Looking for a glimmer of good news in the housing market? The U.S. Census bureau reported this year that there was a 4 percent rise in the number of households that are renting. Maybe that's why the recent, modest uptick in homebuilding comes in good part from multifamily construction. So while that's good news for builders and some investors, it's maybe not so good news for the average household -- since it's believed that foreclosures and short sales are responsible for putting more people in rentals, while probably making others gun-shy about buying, even if they could qualify for a loan.
While this year saw a decline in the number of Americans living in their own homes, with many of them being forced out by short sales and foreclosures, still more might have been feeling stuck with what they had. The Census Bureau reported thatU.S. mobility hasn't been this low since the late 1940s, when it first started following that trend. Along with a reality check on the dream of the owning one's own home, it challenges Americans' view of themselves as exploring new frontiers. In 1951, the percentage of Americans who moved reach its high of 21.2. In the most recent count, that's dropped to 11.5 percent.
At the end of one of its worst years ever -- and following one that was even worse -- the homebuilding industry saw reason to feel encouraged as the number of new homes and construction permits increased in October. While demand is still low and far under the amount that economists say is needed for a healthy market, homebuilders were expressing optimism. The housing-start statistics got their biggest boost from multifamily construction. Another sign that we're increasingly becoming a nation of renters.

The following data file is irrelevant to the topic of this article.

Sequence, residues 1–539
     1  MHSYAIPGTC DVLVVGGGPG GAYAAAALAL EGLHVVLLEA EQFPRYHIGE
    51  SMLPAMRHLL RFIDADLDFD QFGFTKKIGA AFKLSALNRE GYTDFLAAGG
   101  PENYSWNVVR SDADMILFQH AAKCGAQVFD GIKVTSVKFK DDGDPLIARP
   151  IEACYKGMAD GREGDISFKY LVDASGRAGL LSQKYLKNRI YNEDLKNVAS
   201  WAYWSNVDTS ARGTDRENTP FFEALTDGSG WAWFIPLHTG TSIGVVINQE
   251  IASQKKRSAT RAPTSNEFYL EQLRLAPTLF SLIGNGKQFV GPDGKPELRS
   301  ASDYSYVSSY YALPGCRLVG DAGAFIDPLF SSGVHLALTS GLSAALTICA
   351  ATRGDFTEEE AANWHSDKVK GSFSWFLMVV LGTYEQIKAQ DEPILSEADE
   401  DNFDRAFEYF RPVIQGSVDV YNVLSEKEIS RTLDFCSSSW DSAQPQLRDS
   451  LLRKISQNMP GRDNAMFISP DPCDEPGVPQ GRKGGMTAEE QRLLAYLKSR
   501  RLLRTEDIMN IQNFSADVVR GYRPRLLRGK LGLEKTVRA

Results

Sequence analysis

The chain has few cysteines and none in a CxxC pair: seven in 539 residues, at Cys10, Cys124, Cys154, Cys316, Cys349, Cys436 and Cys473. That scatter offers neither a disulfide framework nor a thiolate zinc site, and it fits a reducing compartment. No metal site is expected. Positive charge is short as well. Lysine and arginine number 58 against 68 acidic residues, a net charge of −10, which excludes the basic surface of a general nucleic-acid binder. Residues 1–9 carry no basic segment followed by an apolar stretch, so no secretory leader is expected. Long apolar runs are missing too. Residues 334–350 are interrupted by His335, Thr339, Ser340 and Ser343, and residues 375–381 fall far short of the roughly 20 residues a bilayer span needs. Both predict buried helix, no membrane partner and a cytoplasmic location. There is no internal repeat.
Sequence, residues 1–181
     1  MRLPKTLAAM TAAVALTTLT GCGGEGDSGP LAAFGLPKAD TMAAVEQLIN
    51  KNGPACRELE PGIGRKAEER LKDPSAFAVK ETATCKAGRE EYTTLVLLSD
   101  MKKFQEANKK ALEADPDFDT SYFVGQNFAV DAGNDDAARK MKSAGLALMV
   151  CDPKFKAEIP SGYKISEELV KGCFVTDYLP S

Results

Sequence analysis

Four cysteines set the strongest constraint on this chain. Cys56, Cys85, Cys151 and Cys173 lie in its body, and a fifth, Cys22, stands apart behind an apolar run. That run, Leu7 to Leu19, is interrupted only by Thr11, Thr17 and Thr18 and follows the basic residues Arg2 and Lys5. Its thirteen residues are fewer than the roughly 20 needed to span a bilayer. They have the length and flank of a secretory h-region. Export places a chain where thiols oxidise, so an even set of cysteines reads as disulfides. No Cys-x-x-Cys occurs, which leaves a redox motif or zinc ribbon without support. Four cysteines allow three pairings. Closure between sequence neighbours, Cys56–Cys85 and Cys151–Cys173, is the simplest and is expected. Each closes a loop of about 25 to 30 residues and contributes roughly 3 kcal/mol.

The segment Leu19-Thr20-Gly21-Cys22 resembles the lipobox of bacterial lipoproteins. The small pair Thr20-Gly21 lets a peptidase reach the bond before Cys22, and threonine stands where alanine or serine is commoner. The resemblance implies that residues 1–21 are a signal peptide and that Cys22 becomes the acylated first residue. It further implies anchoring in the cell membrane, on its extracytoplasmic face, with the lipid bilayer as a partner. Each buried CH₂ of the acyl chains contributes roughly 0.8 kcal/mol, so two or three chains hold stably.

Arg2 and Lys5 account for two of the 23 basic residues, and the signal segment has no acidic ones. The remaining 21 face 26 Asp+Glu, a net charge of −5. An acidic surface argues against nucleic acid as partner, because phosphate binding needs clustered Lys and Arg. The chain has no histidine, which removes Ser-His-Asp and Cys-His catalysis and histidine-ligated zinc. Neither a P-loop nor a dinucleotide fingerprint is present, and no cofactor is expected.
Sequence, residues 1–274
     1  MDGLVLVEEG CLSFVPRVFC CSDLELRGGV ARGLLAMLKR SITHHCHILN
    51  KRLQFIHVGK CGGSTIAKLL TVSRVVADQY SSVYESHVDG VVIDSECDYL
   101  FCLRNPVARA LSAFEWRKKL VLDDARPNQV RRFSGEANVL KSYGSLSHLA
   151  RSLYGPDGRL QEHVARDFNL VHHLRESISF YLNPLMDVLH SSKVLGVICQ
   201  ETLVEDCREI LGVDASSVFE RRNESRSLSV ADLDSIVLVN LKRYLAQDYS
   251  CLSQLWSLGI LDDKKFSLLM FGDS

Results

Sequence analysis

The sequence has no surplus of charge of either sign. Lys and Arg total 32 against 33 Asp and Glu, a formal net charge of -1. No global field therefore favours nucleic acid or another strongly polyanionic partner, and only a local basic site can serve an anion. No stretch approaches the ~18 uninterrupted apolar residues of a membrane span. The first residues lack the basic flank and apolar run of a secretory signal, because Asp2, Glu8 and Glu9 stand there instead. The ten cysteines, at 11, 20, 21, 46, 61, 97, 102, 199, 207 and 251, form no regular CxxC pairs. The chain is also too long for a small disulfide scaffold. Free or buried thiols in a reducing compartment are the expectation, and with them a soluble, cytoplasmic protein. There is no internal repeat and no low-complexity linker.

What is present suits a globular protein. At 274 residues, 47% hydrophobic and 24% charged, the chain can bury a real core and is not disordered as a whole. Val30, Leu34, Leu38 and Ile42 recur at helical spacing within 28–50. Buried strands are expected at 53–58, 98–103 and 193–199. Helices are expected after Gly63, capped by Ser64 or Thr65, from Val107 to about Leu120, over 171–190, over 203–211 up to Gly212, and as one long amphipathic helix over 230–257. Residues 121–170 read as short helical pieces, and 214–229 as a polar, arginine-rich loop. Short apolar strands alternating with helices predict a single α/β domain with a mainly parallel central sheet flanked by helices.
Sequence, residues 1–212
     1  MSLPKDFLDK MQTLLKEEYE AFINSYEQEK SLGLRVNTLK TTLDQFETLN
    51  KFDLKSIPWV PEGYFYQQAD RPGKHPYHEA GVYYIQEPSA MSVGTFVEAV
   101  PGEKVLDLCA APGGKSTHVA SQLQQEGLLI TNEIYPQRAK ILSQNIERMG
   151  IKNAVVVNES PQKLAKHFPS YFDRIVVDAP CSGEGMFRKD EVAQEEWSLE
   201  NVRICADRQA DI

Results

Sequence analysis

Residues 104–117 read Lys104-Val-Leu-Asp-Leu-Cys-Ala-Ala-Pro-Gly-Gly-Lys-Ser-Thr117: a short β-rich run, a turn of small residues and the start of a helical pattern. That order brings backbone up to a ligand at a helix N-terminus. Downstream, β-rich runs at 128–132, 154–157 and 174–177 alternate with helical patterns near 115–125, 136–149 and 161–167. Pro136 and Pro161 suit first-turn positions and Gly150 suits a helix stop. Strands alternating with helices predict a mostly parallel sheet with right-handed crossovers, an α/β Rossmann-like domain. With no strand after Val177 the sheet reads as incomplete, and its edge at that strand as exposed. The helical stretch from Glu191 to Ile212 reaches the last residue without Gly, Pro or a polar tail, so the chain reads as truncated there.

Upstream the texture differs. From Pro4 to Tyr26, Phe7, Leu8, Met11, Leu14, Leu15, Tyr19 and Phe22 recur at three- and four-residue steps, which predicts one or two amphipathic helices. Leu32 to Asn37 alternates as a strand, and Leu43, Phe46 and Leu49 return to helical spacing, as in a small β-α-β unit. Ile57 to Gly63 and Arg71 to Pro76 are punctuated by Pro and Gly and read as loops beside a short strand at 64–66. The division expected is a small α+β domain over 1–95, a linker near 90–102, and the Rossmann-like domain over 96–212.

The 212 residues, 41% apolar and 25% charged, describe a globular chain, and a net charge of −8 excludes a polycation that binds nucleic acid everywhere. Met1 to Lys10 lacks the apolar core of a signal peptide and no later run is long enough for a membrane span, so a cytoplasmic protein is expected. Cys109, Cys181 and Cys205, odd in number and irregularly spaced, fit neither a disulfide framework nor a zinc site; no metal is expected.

Just when we thought interest rates on 30-year mortgages couldn't get any lower the fixed-rate dropped below 4 percent for the first time in a half a century. (That's when economists starting tracking this number.) What's more, the Fed announced this year that it planned to keep interest rates at record lows for the foreseeable future. Though that cheap money was intended to spur investment in housing, it didn't do much, with some speculating that it might even be keeping buyers on the sidelines with the expectation that there's no rush to purchase.
Pick your program: HAMP, HARP, EHLP or 2MP, the Obama administration's efforts to rescue underwater homeowners all seemed to do too little and for many arrived too late. Some blamed government ineptitude while others put it on the reluctance or outright resistance of banks to participate. And it's not like Republicans offered much in the way of alternatives. As Americans headed into an important election year, the continuing housing crisis seemed to receive scant attention from either major party.
Home prices and values sunk deeper in 2011 with a year-over-year price drop in the third quarter of 3.9 percent, according to the Case-Shiller Index, and were expected to be down 1.57 percent in the last quarter. They were down by for the year by 0.4 percent, as of September. Meanwhile, home values were expected to drop by 3 percent, or about $700 billion (though that's about a third less than they did last year). And if you think prices are already in the cellar, brace yourself for another drop in 2012, say a panel of experts surveyed by Zillow, who add that then or in early 2013 prices should really, truly hit bottom (they think). On average, home values have fallen about 24 percent in the past five years.